Investors Bought and Sold These ETFs During Friday's Steep Sell-Off, Market Analysts Say

Brendan McDermid | Reuters

Retail investors weren't sitting on their hands during the Dow's worst day of the year.

Stocks dropped sharply Friday on fears around the new Covid-19 omicron variant, sparking a bout of volatility that stretched into Tuesday.

Many retail investors flocked to index-based exchange-traded funds amid Friday's selling, Webull CEO Anthony Denier told CNBC's "ETF Edge" on Monday.

Denier's online trading platform harbors 7 million accounts with similar demographics to larger rival Robinhood: an average user age of 30 and average account size of $4,000.

"The retail investor is extremely bullish on this market as a whole," Denier said. "I was really surprised to see this strong buying demand."

Though only 6.2% of Webull's users own ETFs, many bought some of the platform's top-held funds at a discount during Friday's turbulence, Denier said.

Those include the Vanguard S&P 500 ETF (VOO), the SPDR S&P 500 ETF Trust (SPY) and Ark Invest's popular ETFs.

Momentum traders also used leveraged ETFs such as the ProShares UltraPro QQQ (TQQQ), the ProShares Ultra VIX Short-Term Futures ETF (UVXY) and the Global X Nasdaq 100 Covered Call ETF (QYLD) to take advantage of the swings, Denier said.

Even in a shortened trading session, volumes were impressive, Old Mission's head of ETF sales trading, Harry Whitton, said in the same interview.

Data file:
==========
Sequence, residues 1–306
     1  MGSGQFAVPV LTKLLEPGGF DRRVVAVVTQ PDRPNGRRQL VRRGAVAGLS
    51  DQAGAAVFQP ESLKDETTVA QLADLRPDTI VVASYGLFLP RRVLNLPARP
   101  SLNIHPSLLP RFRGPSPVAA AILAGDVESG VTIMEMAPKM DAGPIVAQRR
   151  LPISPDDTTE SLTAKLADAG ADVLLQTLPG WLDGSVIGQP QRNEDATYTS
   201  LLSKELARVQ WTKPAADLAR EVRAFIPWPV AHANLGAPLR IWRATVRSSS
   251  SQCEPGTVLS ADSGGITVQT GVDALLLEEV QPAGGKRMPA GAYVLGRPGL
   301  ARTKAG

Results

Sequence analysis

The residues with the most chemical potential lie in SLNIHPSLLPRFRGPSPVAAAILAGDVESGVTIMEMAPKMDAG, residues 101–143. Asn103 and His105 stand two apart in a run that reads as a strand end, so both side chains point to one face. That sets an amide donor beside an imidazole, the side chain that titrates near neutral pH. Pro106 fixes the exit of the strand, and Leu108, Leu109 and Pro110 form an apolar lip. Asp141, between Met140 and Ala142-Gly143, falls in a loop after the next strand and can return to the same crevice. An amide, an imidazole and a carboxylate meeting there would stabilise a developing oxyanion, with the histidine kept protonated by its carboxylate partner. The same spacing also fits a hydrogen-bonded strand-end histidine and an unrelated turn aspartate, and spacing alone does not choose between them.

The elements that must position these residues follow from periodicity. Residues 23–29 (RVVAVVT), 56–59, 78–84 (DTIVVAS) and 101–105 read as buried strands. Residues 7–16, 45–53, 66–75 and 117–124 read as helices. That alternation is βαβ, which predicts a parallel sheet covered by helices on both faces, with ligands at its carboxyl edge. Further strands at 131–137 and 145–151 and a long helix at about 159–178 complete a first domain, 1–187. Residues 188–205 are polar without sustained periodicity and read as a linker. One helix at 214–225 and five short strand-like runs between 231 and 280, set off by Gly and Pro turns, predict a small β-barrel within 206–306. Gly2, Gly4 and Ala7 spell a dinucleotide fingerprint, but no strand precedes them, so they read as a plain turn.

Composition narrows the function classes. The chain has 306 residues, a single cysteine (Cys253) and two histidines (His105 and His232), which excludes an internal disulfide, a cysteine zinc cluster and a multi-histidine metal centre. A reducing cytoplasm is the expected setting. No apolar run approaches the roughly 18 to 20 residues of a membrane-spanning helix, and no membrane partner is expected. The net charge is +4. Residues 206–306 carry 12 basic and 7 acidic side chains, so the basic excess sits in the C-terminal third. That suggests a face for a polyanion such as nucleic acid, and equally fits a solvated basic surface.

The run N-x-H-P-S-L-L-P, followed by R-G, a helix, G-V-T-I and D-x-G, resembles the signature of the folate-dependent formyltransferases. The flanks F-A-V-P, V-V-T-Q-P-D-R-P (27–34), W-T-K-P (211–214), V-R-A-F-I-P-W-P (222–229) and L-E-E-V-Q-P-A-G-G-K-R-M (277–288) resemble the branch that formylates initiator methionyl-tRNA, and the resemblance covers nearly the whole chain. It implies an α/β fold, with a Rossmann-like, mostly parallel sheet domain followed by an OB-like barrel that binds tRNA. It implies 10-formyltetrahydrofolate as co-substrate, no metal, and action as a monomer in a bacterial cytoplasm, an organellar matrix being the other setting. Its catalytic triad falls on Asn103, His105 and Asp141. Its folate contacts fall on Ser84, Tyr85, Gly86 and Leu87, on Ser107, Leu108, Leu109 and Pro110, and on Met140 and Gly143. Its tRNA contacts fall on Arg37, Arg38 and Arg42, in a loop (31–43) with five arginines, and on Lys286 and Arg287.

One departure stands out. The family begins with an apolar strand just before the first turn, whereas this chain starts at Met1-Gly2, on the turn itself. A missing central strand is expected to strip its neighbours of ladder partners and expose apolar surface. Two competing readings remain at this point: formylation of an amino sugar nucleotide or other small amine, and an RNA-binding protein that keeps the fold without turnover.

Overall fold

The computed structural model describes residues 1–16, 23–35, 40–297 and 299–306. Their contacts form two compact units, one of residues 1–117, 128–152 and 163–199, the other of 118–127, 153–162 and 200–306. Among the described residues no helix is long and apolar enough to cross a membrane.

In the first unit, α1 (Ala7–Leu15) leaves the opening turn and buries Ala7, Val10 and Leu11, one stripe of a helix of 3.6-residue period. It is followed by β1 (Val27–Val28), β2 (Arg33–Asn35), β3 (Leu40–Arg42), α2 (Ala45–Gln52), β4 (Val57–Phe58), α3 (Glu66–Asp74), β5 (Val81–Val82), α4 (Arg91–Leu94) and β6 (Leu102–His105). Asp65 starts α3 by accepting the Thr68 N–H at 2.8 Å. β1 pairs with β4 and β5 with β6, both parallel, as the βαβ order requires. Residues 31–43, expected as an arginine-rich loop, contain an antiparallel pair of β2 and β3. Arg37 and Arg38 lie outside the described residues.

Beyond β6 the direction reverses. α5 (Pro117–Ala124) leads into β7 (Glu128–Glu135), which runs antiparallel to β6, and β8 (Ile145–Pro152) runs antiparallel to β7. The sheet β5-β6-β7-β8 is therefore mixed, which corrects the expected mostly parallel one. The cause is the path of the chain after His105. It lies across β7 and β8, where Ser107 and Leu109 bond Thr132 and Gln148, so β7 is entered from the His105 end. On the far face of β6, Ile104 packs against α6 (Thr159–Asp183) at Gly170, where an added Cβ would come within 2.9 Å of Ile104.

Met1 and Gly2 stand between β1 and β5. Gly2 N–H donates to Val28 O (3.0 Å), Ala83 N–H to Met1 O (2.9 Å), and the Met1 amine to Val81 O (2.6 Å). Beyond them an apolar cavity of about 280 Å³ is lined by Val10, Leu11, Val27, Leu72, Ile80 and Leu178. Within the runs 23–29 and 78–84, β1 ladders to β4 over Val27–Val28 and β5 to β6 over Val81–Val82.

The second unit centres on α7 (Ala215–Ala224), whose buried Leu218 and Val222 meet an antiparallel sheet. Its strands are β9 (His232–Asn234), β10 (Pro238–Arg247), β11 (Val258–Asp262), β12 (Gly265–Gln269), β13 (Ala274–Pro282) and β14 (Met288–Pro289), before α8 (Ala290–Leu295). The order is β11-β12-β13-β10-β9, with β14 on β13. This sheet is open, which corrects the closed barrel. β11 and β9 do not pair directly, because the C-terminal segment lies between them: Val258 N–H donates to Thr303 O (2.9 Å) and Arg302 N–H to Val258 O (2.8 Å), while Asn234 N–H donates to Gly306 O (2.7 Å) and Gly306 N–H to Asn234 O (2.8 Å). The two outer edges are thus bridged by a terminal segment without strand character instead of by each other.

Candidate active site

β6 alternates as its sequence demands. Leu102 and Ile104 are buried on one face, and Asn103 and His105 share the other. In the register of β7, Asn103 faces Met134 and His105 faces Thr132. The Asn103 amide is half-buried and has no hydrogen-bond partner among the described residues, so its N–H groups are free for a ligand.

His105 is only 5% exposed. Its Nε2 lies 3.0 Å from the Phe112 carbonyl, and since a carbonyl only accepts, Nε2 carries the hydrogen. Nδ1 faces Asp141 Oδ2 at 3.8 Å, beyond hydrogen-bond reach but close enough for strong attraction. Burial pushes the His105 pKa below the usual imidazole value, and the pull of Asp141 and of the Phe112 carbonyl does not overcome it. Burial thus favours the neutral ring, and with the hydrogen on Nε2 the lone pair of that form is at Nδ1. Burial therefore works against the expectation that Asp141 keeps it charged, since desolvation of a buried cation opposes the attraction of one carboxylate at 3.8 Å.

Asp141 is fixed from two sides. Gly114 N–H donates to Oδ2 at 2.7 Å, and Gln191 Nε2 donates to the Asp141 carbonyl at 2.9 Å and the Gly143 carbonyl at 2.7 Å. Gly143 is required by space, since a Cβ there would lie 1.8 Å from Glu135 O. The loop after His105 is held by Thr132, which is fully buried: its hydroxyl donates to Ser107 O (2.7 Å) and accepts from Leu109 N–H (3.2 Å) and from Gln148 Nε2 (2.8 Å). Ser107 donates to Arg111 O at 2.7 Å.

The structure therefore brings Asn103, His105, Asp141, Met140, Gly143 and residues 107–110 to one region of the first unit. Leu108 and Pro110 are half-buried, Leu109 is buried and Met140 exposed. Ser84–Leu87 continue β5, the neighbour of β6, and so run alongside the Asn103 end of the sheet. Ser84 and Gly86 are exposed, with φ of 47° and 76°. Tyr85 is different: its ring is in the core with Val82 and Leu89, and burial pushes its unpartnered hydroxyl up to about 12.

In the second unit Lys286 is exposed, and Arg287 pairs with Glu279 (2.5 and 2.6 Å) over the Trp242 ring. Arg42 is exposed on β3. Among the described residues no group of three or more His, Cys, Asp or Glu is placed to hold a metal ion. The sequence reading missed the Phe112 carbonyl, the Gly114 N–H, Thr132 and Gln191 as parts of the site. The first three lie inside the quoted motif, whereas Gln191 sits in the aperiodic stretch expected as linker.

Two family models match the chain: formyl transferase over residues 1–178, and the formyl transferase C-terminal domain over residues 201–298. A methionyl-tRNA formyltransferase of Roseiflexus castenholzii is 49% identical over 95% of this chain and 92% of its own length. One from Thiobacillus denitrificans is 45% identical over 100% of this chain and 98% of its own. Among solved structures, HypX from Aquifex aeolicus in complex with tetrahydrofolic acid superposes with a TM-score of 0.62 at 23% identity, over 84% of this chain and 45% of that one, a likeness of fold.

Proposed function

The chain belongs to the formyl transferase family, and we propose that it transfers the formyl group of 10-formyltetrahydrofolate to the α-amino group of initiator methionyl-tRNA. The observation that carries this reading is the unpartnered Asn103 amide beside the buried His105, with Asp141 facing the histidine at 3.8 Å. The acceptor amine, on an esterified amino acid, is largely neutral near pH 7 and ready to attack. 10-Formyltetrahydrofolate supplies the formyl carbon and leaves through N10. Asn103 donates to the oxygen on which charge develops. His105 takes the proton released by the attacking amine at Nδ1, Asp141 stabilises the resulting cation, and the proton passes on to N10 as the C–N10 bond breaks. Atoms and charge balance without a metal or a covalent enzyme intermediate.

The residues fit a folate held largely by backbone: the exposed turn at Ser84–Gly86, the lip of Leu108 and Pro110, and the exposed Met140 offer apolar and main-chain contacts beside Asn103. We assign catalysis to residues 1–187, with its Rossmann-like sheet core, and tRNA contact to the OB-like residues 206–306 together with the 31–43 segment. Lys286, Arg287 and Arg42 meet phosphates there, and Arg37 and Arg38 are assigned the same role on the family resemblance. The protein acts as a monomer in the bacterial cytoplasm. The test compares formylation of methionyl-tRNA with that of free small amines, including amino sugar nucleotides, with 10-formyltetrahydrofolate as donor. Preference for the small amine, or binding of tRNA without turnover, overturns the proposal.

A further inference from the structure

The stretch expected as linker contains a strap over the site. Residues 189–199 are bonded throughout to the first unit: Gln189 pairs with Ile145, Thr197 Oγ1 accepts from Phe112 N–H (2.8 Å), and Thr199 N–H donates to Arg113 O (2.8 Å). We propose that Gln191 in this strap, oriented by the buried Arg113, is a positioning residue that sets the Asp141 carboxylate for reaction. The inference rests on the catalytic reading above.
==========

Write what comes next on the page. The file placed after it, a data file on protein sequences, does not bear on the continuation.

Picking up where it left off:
"We traded more on Friday than any normal day last week and we saw a lot of selling of high yield, a lot of activity in the international space, the emerging markets space," Whitton said. "It was just a lot of buying later in the day going into the close, which was early this Friday at 1 o'clock."

There was also a notable difference between how older and younger investors approached the downdraft, WallachBeth managing director Andrew McOrmond said in the same interview.

"We had some high-yield sellers as well and they're kind of precautionary," McOrmond said. "They might wait a couple days and jump back in. But with this younger generation ... I've never seen a group more resilient."

This newer, most risk-tolerant group that managed to exhaust the short sellers in GameStop and AMC earlier this year has yet to experience a substantial loss, but so far, down days have been seen as buying opportunities, McOrmond said.

"They're buying on dips just like stronger hedge funds where it's very unlike a retail audience. You just don't see that panic," he said. "Of course, this has been the trend, the one- or two-day sell-off and then it pops back up."


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